The association between independent variables and the predefined outcome was quantified using odds ratios (OR) and 95% confidence in- tervals (CI). Missing data were handled by listwise deletion. The model’s discriminative ability was measured via a concordance index (c-index). We considered a p-value of 0.05 statistically significant. Data analysis was conducted with SAS software, version 9.4 (SAS Institute, Cary, NC, USA).

  1. Results

Of the 110,227 children included in the INTR from January 1, 2011, to December 31, 2020, a total of 3167 patients were included in the study after applying the inclusion and exclusion criteria (Fig. 1). Of the in- cluded patients 2062 (65.1%) were transported by ALS teams. Two hundred six (10.0%) of the patients treated by ALS teams were transported by helicopter EMS. A level I TC was the primary destination

Image of Fig. 1

Fig. 1. Study flow chart.

INTR- Israeli National Trauma Registry; EMS- Emergency medical services; ISS- Injury Severity Score.

of the EMS teams in 2393 (75.6%) cases. More patients treated by ALS teams were transported to level I TCs (80.5% vs. 66.3%, p < 0.001).

The most common mechanisms of injury were MVC (53.5%) and falls (28.8%). Only 213 children (6.7%) suffered from Penetrating injuries, 80.0% of them caused by stabbing or gunshot wounds, and 83.1% of them were transported by ALS teams.

Significantly more patients transported by ALS sustained critical injuries, defined by ISS 25-49 and >= 50 (46.5% vs. 23.0% and 4.8% vs. 0.8%, p < 0.001, respectively). More patients transported by ALS teams suffered from severe injuries (AIS >= 4) involving more than one body re- gion (11.7% vs. 1.9%, p < 0.001). In the BLS group, 51.2% were diagnosed

with an isolated severe head injury compared to 43.8% in the ALS group (p < 0.001). At admission to the ED, more patients treated by the ALS teams had GCS < 9 (33.8% vs. 5.5%, p < 0.001), oxygen saturation

<90% (4.1% vs. 1.5%, p < 0.001), and high shock index (35.8% vs. 26.6%, p < 0.001). The ALS and BLS cohorts were comparable in age, gender, mechanism of injury, and prehospital time. Full demographic and injury information is provided in Table 1.

prehospital airway interventions were more common in patients treated by ALS responders: 138 patients (6.7%) were ventilated by a bag valve mask in the ALS group compared to 9 (0.8%) in the BLS group (p < 0.001). Endotracheal intubation was performed by ALS teams in 483 (23.4%) patients. Intravenous fluids were given to 779 (37.8%) patients in the ALS group vs. 58 (5.3%) in the BLS group (p < 0.001). Splinting of suspected fractures was also performed more frequently by ALS teams, with 1277 (62.2%) ALS patients vs. 343 (31.0%) BLS patients splinted in the field (p < 0.001).

Children transported by ALS had higher overall mortality than those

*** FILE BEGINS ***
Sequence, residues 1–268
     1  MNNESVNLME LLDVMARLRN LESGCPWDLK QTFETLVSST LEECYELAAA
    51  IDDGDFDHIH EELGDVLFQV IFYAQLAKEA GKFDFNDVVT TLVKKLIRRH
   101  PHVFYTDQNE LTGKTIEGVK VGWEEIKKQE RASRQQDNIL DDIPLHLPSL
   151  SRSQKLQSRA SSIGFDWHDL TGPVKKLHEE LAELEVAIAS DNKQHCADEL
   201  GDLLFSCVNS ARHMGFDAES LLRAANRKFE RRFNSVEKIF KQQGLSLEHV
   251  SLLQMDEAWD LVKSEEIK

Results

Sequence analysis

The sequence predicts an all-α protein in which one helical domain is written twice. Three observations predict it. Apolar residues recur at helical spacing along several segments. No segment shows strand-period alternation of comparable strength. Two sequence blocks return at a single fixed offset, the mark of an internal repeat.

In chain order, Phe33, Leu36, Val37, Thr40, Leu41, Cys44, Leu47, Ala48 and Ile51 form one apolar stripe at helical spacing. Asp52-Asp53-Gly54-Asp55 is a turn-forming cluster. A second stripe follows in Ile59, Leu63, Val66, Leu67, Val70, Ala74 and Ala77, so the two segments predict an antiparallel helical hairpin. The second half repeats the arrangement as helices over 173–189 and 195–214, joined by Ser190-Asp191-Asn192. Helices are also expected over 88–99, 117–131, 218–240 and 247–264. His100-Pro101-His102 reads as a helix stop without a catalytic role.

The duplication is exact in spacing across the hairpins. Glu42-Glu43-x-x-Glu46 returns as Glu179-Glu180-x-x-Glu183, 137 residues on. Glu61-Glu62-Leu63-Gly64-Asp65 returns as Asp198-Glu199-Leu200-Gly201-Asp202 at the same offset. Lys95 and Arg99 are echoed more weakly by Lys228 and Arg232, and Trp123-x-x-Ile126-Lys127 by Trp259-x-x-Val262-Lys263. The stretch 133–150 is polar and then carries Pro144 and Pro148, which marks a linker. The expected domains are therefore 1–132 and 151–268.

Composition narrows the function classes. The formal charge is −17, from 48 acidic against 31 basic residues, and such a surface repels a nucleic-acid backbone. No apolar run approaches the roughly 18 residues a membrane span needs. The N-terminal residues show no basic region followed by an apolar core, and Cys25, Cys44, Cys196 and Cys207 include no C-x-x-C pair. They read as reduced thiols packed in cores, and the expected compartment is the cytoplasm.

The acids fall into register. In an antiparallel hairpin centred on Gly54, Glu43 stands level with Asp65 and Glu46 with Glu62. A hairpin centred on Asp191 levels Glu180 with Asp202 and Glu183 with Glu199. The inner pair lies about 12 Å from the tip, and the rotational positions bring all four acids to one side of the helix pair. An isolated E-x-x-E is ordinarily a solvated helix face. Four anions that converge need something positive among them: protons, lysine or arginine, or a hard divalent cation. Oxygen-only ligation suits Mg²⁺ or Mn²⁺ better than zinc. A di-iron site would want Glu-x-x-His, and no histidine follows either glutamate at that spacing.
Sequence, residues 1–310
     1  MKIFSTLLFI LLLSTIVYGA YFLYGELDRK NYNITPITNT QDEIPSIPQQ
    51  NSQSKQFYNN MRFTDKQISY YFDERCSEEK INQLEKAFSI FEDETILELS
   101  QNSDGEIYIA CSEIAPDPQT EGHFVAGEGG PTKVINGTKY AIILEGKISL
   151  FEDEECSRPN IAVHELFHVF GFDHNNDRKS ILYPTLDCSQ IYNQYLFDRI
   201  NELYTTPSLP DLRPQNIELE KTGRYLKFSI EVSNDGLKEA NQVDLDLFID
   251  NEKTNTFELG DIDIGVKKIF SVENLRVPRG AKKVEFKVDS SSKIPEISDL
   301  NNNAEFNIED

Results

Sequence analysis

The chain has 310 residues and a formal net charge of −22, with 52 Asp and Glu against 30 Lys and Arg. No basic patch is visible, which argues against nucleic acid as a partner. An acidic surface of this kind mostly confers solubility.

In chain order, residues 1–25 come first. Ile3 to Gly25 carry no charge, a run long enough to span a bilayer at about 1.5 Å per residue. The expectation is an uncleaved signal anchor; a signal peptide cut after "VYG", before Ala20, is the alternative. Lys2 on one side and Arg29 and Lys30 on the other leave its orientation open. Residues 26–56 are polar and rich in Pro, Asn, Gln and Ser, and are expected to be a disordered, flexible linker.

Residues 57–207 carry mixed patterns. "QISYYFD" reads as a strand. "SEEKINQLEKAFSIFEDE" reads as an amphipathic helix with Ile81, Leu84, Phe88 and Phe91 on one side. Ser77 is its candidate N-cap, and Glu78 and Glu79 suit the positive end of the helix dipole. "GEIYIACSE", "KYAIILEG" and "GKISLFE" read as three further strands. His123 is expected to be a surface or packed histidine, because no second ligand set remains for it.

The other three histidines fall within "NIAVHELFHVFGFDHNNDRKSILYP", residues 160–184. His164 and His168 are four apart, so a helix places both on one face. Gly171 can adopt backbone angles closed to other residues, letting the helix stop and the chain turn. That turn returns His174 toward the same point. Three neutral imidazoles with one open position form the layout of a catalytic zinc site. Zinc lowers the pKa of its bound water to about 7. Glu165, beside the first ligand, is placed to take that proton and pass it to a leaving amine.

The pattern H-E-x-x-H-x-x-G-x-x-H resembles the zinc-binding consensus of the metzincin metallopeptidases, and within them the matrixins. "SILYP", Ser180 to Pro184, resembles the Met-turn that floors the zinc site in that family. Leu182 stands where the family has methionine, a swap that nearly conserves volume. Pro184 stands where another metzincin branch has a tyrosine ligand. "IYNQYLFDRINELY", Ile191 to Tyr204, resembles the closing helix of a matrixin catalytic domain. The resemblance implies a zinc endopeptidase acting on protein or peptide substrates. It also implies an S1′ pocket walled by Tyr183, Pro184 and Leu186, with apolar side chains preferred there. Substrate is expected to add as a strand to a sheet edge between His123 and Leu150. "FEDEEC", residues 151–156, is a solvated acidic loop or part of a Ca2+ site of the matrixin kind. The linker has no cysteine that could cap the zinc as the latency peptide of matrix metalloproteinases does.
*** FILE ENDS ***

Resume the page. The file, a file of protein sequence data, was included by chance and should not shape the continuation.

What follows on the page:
transported by BLS (9.2% vs. 0.9%, p < 0.001) with an unadjusted relative risk of mortality of 10.18 (95% CI 9.94-15.25, p < 0.001). Among

Table 1

Demographic and injury characteristics of severely injured children by type of emergency medical services transport (n = 3167)

Advanced life support (n = 2062) Basic life support (n = 1105) p-value

Age (years)


Median (IQR) 10 (4,15)

10 (5,15)

Male gender, n (%)

1511 (73.3%)

818 (74.0%)


Penetrating injury, n (%)

177 (8.6%)

36 (3.3%)


Mechanism of injury


Fall, n (%)

549 (26.6%)

362 (32.7%)

Motor vehicle collision, n (%)

1102 (53.4%)

592 (53.6%)

Other?, n (%)

411 (20.2%)

151 (13.7%)

Time from dispatch to hospital arrival (min)


Median (IQR)

57 (42,75)

56 (42,79)

Unknown (%)

637 (30.9%)

296 (26.8%)

Receiving Level I trauma center, n (%)

1660 (80.5%)

733 (66.3%)


Vital signs at emergency department admission

Glasgow Coma Scale, n (%)


698 (33.8%)

61 (5.5%)


350 (17.0%)

137 (12.4%)



933 (45.3%)

886 (80.2%)


81 (3.9%)

21 (1.9%)

Oxygen saturation < 90%, n (%)

85 (4.1%)

16 (1.5%)



172 (8.4%)

72 (6.5%)

High Shock Index, n (%)

739 (35.8%)

293 (26.6%)



104 (5.0%)

45 (4.1%)

Injury severity score, n (%) Median (IQR)

25 (18-30)

18 (16-24)


1005 (48.7%)

842 (76.2%)



958 (46.5%)

254 (23.0%)


99 (4.8%)

9 (0.8%)

Injured body region, n (%)


Isolated severe head injury (AIS >=4)

903 (43.8%)

566 (51.2%)

Isolated severe chest injury (AIS >=4)

281 (13.6%)

126 (11.4%)

Isolated severe abdomen injury (AIS >=4)

125 (6.1%)

121 (11.0%)

Isolated severe extremities injury (AIS >=4)

19 (1.0%)

5 (0.5%)

Isolated severe external injury (AIS >=4)

103 (5.0%)

37 (3.3%)

Multiple severe injuries

241 (11.7%)

21 (1.9%)

No regions with AIS 4+

390 (18.9%)

229 (20.7%)

Length of hospital stay (days)


Median (IQR) 7.0 (4,15) 5.0 (3,8)

Total in-hospital mortality, n (%)

190 (9.2%)

10 (0.9%)